Scoliosis Update: Cast # 3

I write letters to Ellen DeGeneres. No particular reason. Just because I can.

 

Dear Ellen,

On Sunday afternoon, I drove Baby Girl back to Atlanta to get her third cast. The procedure was scheduled for early Monday morning.

Before I get into her treatment, I’d like to take this opportunity to offer up an apology to all of the drivers I frightened on I-20. For the record, my car didn’t break down. It wasn’t malfunctioning and it definitely wasn’t going to explode. The flashing light on the right, rear side of my car was the turn signal. I used it multiple times to tell other drivers I was changing lanes. That being said, many drivers I shared the road with seemed to fear for their lives when they saw it. Some of them sped up and cut me off. Others slowed down, preventing me from getting over. To all of the drivers I traumatized because I used my turn signal, I just want to say:

 

 

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The drive was otherwise uneventful and so was the hotel stay.

And then there was the hospital. The nurse called me in February to tell me that the doctor wanted the baby to go to the surgical center for this procedure.

“Is that different from the other two hospitals we’ve been too?”

“Yes, unfortunately it is,” she said.

 

 

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I can’t think of anything I’d rather do than run all over Atlanta for my daughter’s procedures. Because the three-hour drive isn’t exciting enough.

 

 

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“But the good news,” the nurse began, “is that the surgical center is across the street from the first hospital you went to. It’s the same building as where all of your daughter’s follow-up appointments have been.”

 “Ah! The infamous building across the street.”

 “The what?” she asked, just as I realized I spoke with my outside voice.

 

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 “Nothing,” I said, writing down the address one more time.

Monday morning, we arrived with twenty minutes to spare. The waiting room was a very nice setup with lots of toys for the baby to play with. I signed her in and then we sat, waiting. 

 

They called us about ten minutes later. I picked up the baby to take her over to Registration. That meant she had to leave all of the toys behind. This did not go over well with her. She squirmed around in my arms while I tried filling out paperwork one-handed and answering questions like what’s your cell phone number?

  • What’s your emergency contact number?
    • (Answer) The same as the cell phone number.
  • What’s the best way to reach you today?
    • (Answer) The cell phone number.

In the meantime, the baby is getting angry with me because I won’t set her down.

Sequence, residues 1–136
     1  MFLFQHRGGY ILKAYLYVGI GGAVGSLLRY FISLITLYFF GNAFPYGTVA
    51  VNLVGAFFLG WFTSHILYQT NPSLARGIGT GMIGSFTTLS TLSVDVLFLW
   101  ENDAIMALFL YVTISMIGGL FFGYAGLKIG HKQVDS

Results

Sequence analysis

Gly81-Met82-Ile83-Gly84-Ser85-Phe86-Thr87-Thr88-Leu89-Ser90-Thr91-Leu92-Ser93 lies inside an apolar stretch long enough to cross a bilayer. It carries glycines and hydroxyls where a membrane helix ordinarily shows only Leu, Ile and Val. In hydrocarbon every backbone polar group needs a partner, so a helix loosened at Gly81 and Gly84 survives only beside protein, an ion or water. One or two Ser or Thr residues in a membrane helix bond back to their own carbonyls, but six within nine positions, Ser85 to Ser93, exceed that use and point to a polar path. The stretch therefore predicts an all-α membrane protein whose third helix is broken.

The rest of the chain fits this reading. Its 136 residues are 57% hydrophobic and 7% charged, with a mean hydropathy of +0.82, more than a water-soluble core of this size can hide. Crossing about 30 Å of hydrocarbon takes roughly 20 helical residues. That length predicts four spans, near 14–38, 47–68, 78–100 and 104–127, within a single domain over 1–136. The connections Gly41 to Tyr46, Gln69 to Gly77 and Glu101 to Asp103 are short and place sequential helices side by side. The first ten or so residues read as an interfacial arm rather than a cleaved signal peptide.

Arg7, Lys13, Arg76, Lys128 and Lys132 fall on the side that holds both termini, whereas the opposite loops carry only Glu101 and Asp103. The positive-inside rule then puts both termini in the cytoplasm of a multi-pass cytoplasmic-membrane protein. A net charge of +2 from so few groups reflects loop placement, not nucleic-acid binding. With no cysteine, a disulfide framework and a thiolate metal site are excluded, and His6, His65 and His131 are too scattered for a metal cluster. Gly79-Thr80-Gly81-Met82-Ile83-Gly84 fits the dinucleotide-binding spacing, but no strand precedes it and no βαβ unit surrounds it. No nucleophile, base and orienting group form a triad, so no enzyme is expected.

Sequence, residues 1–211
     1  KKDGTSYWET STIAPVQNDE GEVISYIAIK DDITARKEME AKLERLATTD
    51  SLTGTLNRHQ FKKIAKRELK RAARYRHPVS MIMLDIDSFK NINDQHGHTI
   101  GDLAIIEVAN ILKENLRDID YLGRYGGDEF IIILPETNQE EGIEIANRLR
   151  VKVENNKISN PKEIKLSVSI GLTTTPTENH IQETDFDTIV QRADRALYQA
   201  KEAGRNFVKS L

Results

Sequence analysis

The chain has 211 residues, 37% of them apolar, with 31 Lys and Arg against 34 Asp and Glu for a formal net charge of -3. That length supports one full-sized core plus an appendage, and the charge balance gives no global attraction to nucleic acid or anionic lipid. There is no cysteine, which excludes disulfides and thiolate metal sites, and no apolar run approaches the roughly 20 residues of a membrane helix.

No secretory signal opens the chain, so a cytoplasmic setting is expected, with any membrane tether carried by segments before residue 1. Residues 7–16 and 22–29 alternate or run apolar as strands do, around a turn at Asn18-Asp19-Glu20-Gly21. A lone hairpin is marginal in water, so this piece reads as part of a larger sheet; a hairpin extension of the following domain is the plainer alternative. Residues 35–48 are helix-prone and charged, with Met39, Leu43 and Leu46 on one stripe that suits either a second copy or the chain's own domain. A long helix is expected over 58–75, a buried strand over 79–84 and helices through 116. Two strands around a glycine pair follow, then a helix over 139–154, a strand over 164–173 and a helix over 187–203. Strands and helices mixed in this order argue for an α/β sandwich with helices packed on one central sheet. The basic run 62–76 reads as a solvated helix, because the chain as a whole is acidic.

“Momma,” the almost two-year-old said. “I wish to peruse the new and exotic toys, Momma. Momma! I want the toys. Momma! The toys! The toys are calling to me!”

 

 

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Don’t worry, Ellen, Baby Girl had a few minutes to play before the nurse called her back to the pre-op waiting room – which was also filled with new and exciting toys.

 

 

Not all hospitals are created equal. At least, they’re not in Atlanta. Here’s a crash course on my hospital experiences thus far.

  • Hospitals 1 & 2
    • The pre-op and post-op room was the same room.
    • Parents could leave the room to get something to eat during the procedure
    • There was a cafeteria with a decent selection. 
    • There was an overpriced coffee shop in the lobby with food options as well
    • Parents could not go into the operating room with their children for the sedation
    • Children were given a dose of “goofy” juice prior to the procedure.

And then there was the surgical center. At this location parents were allowed to go into the operating room with the kids. I could tell from speaking with the anesthesiologist that he wasn’t super-comfortable with this policy. He kept telling me over and over again that the process of watching a child become anesthetized could be very traumatic for parents. My instinct was he’d prefer it if parents stayed in the room and waited, rather than accompanying their children.

I would’ve preferred it if the pediatric orthopedist could’ve just waved a magic wand and straightened her spine with out all of these procedures. That meant the anesthesiologist and I had something in common. He didn’t want me in there while she was being sedated. I didn’t want to put her through this. We were both going home unhappy.

“Do you want to go with your child?” he asked.

“Yes.”

“Are you sure?”

“Yes,” I said. “I’ll be fine.”